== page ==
10 March 2006
This study-day accompanied the Institute’s exhibition EspaÁo Aberto/EspaÁo Fechado: sites for sculpture in modern Brazil. It examined Brazilian sculpture through the lens of the country’s relationship with Europe and North America over the last fifty years. Beginning with the earliest S?o Paulo Bienal in 1951 the?three papers?looked at?key moments and events that affected the perception, understanding and dissemination of Brazilian sculpture both within and outside its own borders.
The S?o Paulo Bienals not only galvanised dialogues between Brazilian and international artists, but also marked a moment when the rest of the world became more aware of Brazil as a modern nation. Such a task was achieved via an unprecedented embrace of modern architecture by the government in power. If the Festival of Britain in 1951 was demonstrative of an attempt to re-brand the identity of the nation under modernist criteria, Brazil’s project of development through the evocation of modernity lasted an entire decade and produced astonishing results. Its momentum only began to falter after the inauguration of the new capital Brasilia in 1960, itself subsequently considered an international reference for modernist architecture. It was therefore architecture that has received the main focus of attention yet the international connections established among artists during this period were to have a profound effect on the development of modern and contemporary sculpture and art in general. This is a particular historical narrative that is only beginning to be understood beyond its national context and relates to the innovatory and often radical character of Brazilian art from the late 1950s into the 1960s.?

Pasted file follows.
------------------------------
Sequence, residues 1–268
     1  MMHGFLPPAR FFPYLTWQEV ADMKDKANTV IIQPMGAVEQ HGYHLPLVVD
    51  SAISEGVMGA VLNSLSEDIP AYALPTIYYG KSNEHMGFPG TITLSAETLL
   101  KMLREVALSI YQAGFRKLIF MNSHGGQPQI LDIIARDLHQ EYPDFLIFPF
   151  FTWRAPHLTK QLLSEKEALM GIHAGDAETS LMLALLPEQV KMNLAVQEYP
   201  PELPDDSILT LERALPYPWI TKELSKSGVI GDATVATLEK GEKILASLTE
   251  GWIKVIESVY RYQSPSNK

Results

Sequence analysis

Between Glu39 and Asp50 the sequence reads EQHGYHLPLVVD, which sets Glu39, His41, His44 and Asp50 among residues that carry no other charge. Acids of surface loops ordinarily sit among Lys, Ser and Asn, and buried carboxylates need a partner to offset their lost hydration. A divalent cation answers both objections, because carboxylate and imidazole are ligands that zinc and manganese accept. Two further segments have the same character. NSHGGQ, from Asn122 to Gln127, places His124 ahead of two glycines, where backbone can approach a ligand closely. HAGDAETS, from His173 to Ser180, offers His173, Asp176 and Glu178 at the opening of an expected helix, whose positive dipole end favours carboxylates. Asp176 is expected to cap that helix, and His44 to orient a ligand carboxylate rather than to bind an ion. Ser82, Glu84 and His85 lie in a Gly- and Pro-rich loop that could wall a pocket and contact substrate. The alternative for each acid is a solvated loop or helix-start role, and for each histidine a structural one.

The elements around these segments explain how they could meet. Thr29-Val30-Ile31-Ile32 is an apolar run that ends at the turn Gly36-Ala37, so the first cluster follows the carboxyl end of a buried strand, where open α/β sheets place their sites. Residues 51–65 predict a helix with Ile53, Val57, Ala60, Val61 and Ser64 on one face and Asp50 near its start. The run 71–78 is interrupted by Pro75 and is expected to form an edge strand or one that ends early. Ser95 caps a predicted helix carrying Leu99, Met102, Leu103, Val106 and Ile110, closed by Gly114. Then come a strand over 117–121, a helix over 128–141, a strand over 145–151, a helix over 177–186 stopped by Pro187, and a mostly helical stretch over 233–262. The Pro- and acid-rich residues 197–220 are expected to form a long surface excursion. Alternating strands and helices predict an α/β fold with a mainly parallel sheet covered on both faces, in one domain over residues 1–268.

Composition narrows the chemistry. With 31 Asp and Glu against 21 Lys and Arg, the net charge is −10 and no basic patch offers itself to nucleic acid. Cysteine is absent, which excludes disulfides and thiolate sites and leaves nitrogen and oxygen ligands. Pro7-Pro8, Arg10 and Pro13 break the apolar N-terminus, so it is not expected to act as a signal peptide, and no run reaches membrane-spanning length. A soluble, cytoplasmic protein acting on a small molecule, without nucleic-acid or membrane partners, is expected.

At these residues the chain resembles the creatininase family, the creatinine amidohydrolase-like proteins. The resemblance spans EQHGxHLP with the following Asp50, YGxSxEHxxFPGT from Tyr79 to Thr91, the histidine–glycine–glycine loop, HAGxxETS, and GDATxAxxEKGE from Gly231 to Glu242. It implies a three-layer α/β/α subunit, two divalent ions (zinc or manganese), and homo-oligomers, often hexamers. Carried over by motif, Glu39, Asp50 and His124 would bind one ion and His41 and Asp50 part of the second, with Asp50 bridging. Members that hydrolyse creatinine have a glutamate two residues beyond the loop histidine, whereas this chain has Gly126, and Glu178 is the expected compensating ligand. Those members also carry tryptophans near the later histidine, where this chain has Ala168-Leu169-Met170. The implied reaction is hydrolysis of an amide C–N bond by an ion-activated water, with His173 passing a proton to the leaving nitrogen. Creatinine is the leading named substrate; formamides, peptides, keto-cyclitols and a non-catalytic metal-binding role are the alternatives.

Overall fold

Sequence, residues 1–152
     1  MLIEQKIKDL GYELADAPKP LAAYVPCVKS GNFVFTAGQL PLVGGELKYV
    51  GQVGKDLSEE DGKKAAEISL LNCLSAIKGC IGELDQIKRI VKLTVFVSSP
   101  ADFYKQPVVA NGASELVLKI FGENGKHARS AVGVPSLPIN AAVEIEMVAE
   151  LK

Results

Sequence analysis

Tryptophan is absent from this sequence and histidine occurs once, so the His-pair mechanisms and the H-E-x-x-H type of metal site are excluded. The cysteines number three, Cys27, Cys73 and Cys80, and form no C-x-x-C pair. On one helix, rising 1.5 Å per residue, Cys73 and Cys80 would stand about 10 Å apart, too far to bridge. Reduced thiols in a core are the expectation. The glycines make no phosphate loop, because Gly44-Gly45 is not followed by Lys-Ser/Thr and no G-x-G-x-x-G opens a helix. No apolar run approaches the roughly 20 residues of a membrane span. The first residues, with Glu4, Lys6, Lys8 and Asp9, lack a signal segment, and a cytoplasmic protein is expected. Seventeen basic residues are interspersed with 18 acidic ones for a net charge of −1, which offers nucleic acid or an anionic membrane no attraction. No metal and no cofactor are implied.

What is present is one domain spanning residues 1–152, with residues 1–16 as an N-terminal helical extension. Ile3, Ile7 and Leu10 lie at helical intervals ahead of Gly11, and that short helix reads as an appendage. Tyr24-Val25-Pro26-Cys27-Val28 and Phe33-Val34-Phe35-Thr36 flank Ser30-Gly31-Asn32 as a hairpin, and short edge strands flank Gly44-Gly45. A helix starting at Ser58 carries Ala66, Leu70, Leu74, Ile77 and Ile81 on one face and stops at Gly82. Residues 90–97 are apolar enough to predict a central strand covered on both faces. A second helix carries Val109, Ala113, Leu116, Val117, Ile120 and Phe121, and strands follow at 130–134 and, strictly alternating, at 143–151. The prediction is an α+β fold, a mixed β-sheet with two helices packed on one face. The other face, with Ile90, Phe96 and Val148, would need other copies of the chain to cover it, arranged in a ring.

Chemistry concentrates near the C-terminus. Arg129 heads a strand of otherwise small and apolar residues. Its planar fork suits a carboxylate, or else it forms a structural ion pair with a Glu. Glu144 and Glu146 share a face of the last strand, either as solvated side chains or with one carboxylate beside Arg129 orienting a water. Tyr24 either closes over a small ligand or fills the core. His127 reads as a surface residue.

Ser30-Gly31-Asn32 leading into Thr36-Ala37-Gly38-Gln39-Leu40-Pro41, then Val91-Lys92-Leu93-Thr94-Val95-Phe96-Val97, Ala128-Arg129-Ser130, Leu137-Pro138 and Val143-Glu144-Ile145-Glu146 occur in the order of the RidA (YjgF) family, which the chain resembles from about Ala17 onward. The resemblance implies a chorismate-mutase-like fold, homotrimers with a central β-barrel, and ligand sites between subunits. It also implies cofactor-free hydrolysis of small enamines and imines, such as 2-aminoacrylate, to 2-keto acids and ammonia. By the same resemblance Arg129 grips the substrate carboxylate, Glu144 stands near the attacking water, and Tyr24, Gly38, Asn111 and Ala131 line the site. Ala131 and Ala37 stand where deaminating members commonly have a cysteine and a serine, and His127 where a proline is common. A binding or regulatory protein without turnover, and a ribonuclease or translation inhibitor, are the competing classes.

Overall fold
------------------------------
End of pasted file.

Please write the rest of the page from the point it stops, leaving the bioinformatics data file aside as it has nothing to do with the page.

Michael Asbury’s paper explores the circumstances of these events, and their developments into the next decade, when the extrovert, outward-looking optimism of the 1950s was halted by the 1964 military coup. The ensuing dictatorship cut short various important developments within Brazilian socio-cultural production. However, in some respects it also served as the main platform against which artists developed their most radical propositions. There is no doubt however that the military regime isolated Brazil from the rest of the world, a fact exemplified by the international artistic community’s boycott of the 1969 S?o Paulo Bienal. While a small number of self-exiled artists (such as Lygia Clark, Hélio Oiticica, Antonio Dias, Rubens Gerchman) lived in Europe and the USA during those years, the major turning point for Brazil came after the demise of the regime in 1985, which - as Milton Machado’s paper examines? - also saw the return of the possibility of imagining a socio-economic recovery.
Finally, Agnaldo Farias’s paper?examines the implications of this shift, looking at the remarkable expansion of Brazil’s commercial gallery sector since the 1990s, and the integration of contemporary Brazilian sculpture within the international art scene.
10 March 2006
10 March 2006